By the time the thirty minute intermission is complete, the second half takes a completely different turn, flashing ahead after the Cuban Revolution. After Che disappeared, he reappeared in disguise in Bolivia to organize a small group of Cubans to spread out his ideas to all of Latin America. It is yet another two hours of trips through the jungles, meshed with a few celebrity cameos. There is Franke Potente as one of the members of the rebellion, and in perhaps the most head-scratching cameo in recent memory, Matt Damon as a missionary who tries to strike a deal with Che. It lasts for just about a minute, and not only takes one out of the film (if you are even swept away in it during hour number three), but is also obvious Soderbergh, using his friends to form yet another incestious production. The Bolivian episode is an obvious failure, ending with the capture and execution of Che (one of the few scenes in the film that was very well done).
It is not the length of the film that I had a problem with, but the content that Soderbergh chooses to put within it. At four and a half hours, and with such a prominent and lasting figure as Che Guevara, one could have created a very extensive and absorbing biopic, but it never seemed liked Soderbergh knew much about the figure he was making a film about. Rumor has it Stanley Kubrick read over a hundred books on Napolean in an effort to create a massive film about him, and he never even was able to make it. I am reminded of the marketing campaign for one of Soderbergh's last films "Bubble," which he dubbed "Another Steven Soderbergh Experience." It is this mindset that Soderbergh seems to go into this film, where he is trying to make a sweeping epic because he never made one of those before. As if he has a checklist of film genres and types that he is slowing going through. There is really not much ambition in this film, which is needed in creating a complete and extensive biography of the man.
The bulk of the film consists of the trips through the jungle, and not much is given to exploring the man himself. Even his marriage to Aleida March, played by Catalina Sandino Moreno, is a mere footnote throughout, having her as a small character in the first half and then having her married to him for a few minutes in the second. The running time begins to seem almost intentionally padded just to increase the minutes. If deserved, I would not have minded the many minutes invested in it, but the entire last two hours seem like padding.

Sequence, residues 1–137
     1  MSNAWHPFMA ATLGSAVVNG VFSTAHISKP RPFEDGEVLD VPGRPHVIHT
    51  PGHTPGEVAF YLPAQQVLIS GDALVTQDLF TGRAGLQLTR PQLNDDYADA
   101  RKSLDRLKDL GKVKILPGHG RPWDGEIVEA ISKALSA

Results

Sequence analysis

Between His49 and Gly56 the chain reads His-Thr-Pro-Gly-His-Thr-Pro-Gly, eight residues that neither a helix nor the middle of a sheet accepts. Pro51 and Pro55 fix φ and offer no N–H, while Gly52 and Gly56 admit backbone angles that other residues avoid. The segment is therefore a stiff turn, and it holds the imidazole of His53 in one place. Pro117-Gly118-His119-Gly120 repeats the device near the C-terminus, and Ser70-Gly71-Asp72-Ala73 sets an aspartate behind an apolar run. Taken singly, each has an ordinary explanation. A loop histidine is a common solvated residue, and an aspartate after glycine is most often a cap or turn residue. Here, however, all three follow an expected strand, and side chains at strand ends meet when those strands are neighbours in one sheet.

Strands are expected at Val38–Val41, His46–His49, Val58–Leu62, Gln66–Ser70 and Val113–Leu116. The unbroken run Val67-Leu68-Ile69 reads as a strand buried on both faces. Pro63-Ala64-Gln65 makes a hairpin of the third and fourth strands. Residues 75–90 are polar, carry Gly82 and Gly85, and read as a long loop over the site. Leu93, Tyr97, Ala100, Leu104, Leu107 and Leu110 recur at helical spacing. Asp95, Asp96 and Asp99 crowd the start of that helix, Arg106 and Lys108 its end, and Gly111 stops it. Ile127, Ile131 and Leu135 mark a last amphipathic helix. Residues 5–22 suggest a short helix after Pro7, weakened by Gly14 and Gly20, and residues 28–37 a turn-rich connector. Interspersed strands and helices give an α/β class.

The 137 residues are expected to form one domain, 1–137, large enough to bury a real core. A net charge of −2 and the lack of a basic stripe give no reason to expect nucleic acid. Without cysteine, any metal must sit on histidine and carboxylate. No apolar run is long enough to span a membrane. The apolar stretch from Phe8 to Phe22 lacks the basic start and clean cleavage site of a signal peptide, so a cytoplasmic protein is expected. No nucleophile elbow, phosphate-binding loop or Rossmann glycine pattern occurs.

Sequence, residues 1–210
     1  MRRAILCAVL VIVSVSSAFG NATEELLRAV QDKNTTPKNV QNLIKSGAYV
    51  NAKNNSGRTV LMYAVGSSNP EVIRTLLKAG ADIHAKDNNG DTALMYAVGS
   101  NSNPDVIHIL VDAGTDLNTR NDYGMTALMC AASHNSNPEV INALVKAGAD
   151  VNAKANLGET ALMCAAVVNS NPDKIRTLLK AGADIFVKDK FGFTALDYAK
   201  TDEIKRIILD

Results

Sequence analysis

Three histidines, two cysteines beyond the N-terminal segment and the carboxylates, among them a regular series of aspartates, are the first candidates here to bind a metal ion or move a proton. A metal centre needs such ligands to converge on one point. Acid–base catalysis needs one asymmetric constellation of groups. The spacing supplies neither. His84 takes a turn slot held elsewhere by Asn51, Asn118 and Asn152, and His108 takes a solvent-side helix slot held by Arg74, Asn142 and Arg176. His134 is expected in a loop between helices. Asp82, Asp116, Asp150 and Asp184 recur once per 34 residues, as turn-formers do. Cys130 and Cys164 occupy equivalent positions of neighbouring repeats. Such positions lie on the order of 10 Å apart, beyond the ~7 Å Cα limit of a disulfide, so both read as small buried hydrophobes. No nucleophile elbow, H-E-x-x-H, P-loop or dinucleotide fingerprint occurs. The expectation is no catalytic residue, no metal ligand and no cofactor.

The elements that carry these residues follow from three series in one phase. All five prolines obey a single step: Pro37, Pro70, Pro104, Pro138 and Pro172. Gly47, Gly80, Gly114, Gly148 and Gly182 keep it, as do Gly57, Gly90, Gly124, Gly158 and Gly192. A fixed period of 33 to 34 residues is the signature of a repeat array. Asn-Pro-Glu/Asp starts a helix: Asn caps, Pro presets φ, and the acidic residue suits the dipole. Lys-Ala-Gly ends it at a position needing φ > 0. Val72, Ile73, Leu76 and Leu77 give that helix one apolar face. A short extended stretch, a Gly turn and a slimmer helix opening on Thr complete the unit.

As Che, Benicio del Toro, who won the Best Actor at the Cannes Film Festival last May, is not bad, but certainly nothing special. He undergoes an impressive physical transformation, and probably could have had more to sink his teeth into with the character if he actually had a script to work with. However, the real star of the film ends up being the the jungles themselves, and this is a very beautiful looking movie. I would credit most of this to the natural beauty of Cuba and Bolivia and other jungles in Latin America. I also was fond of the music by Alberto Iglesias, which was often times haunting and forboding, especially during the "overture" of the second half.
There is interesting content buried somewhere in "Che," and there is even more interesting content that was not even written or filmed. Steven Soderbergh was clearly not invested as much as he could have been with this film. Given so much to work with-the controversy of the figure, his prominence throughout history, and even the several actual accomplishments that he had-its a shame to see how he wastes four and a half hours with repetition, and solely with two events, however large they might be. I somewhat saw "Che" twice-the first time I continued to fall asleep, and decided I needed to see it a second time to give it a justified review. But sadly, the little bit I saw the first time in-between my slumbers (not brought on by the movie, just pure exhaustion) worked as a warning for the lost effort the movie ended up being. Not the worst movie of the year, or even close to being anywhere near that list, but clearly the movie of the year that could have been.